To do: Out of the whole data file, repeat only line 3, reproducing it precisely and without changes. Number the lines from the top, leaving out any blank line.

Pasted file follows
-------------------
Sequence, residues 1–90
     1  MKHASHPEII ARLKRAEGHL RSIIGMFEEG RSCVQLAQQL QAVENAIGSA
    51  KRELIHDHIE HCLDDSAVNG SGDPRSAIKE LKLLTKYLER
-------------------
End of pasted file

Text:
    51  KRELIHDHIE HCLDDSAVNG SGDPRSAIKE LKLLTKYLER